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“Willingness backed by policy is key to sustainable water management”
In conversation with Sustainability Outlook, Mr. N. K. Ranganath, MD & CEO at Grundfos, shares his thoughts on the trends, outlook and challenges for water treatment sector in India.
How do you think the landscape in India has evolved over the last couple of years as far as water is concerned?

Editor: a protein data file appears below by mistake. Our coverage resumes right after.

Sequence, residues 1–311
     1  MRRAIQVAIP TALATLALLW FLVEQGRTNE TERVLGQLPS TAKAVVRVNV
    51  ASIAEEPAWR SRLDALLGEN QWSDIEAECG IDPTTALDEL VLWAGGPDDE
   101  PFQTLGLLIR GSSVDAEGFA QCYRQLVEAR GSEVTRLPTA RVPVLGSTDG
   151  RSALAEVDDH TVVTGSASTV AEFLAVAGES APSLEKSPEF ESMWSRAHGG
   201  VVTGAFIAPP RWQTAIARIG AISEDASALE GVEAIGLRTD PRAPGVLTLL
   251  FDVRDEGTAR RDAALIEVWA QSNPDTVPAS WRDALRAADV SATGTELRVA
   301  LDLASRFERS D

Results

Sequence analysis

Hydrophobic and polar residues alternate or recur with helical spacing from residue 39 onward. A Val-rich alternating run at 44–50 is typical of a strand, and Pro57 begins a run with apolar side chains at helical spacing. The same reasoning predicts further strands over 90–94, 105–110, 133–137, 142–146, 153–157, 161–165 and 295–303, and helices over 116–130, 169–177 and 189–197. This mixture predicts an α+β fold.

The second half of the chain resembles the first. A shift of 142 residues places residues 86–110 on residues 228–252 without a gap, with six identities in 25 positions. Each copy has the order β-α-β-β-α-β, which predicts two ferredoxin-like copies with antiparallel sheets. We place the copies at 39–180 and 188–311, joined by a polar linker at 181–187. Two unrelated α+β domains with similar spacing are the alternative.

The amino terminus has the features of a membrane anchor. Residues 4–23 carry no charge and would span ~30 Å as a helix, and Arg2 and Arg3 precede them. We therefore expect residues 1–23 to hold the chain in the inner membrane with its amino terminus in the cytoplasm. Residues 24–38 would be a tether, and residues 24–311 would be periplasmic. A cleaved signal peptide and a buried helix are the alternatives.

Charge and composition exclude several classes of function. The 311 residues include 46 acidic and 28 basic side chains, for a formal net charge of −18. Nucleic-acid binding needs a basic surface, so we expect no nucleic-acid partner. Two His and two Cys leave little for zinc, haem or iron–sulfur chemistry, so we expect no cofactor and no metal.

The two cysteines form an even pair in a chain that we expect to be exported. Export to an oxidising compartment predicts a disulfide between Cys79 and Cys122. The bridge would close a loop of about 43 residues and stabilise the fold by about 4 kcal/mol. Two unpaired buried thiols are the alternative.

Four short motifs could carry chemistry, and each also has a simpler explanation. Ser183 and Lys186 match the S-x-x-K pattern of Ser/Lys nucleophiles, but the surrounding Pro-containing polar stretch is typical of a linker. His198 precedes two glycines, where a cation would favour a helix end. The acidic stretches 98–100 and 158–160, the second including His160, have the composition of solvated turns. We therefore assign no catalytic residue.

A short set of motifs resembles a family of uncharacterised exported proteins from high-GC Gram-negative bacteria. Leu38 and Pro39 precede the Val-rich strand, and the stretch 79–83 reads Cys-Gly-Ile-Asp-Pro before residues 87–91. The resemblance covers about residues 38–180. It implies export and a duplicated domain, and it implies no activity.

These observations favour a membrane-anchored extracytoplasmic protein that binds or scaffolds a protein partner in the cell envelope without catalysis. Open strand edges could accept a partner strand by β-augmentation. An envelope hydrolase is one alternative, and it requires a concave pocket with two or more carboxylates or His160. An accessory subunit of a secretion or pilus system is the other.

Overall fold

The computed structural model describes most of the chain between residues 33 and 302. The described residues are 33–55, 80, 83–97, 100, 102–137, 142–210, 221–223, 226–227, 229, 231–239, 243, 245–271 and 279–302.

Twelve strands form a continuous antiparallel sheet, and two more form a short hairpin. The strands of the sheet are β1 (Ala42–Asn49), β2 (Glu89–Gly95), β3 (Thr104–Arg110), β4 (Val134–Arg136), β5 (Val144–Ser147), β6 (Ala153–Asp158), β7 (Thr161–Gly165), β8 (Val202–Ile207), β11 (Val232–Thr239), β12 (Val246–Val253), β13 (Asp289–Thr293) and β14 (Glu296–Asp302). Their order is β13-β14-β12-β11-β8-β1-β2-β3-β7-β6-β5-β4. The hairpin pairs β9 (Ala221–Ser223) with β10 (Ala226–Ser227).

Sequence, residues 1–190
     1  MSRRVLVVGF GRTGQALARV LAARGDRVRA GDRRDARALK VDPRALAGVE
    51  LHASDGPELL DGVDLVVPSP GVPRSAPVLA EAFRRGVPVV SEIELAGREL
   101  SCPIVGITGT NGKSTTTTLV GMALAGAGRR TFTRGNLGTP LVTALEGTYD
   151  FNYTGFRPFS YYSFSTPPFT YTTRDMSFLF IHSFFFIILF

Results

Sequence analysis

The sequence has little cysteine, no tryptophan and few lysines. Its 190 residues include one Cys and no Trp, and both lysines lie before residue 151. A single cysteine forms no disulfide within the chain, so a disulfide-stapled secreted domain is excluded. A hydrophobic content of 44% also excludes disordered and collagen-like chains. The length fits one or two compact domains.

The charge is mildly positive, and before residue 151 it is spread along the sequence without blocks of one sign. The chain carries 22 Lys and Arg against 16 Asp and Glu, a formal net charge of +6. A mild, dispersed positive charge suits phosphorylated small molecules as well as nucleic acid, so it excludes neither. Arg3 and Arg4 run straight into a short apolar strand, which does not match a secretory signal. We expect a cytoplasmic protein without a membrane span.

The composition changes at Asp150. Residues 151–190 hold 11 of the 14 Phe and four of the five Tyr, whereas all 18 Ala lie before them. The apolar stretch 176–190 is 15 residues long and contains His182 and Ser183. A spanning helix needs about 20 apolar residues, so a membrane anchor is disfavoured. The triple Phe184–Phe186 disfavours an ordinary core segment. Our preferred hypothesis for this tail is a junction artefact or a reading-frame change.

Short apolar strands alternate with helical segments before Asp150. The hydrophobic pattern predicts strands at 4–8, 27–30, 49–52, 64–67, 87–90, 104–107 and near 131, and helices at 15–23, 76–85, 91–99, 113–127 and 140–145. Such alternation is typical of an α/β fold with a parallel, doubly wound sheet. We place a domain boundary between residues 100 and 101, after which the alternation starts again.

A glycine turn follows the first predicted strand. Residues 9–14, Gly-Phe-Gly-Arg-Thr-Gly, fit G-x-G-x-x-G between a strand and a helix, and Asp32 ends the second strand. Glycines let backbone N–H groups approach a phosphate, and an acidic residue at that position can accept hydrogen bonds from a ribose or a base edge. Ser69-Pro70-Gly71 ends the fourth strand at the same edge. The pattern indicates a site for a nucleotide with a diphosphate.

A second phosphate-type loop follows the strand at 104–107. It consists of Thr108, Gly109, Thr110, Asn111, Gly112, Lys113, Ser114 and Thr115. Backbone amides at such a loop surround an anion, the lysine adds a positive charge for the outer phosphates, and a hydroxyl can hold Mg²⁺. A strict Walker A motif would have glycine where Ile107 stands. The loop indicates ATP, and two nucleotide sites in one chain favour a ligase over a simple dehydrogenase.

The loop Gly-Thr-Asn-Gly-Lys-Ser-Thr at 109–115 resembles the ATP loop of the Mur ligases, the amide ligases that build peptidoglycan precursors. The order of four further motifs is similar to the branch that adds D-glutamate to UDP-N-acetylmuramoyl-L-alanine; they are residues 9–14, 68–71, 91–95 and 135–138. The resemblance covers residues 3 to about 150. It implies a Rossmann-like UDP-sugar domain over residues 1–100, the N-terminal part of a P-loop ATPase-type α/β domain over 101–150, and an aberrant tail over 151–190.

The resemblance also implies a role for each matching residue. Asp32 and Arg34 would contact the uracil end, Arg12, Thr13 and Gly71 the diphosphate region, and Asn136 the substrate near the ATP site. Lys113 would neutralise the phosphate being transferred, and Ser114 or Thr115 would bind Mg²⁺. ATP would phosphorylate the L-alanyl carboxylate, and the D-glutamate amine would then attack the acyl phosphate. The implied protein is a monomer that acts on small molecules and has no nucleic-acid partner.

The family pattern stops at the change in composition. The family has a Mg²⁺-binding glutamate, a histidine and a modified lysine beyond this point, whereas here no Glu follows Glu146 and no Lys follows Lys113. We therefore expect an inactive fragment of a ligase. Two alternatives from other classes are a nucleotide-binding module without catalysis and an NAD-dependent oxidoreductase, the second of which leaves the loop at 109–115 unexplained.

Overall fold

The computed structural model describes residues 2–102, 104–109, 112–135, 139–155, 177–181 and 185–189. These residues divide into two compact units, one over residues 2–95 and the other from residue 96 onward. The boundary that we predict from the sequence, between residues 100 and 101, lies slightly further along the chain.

I would say that there hasn’t been any monumental change over the last few years but it is likely to accelerate now and be much more than it has been over the last couple of years. Water is becoming an issue where there is more awareness amongst the general public. Over the last few years I have seen that people are more particular about the problem of water scarcity and water in general unlike sanitation, etc. As for the industries, they always have a business case, either because of lack of access to water or lack of clean water and obviously because of the regulations. So, companies which are aware or companies which are professional are doing their bit in reducing the water consumption, treating their effluent, etc. thus reducing their specific water consumption which I have seen across many industries. However there are a few industries and managements which are still using the obsolete methods and hence are inefficient. One issue that I see dampening this development is the way compliance is looked at by the regulators. There is more corruption in especially letting off people who are not following the norms than focusing on the good practices undertaken by the others. Until and unless the concept of polluters pay depending on the level of pollution comes up, the business case would slowly disappear. The other thing that is holding back is the general public; the people lack the awareness that they should preferably buy a green product even if it is a little more expensive over a product whose manufacturer has no regard for the environment. Hence, this kind of awareness needs to be built and perhaps it will take a long time but in a nutshell the market for water treatment technology is blooming.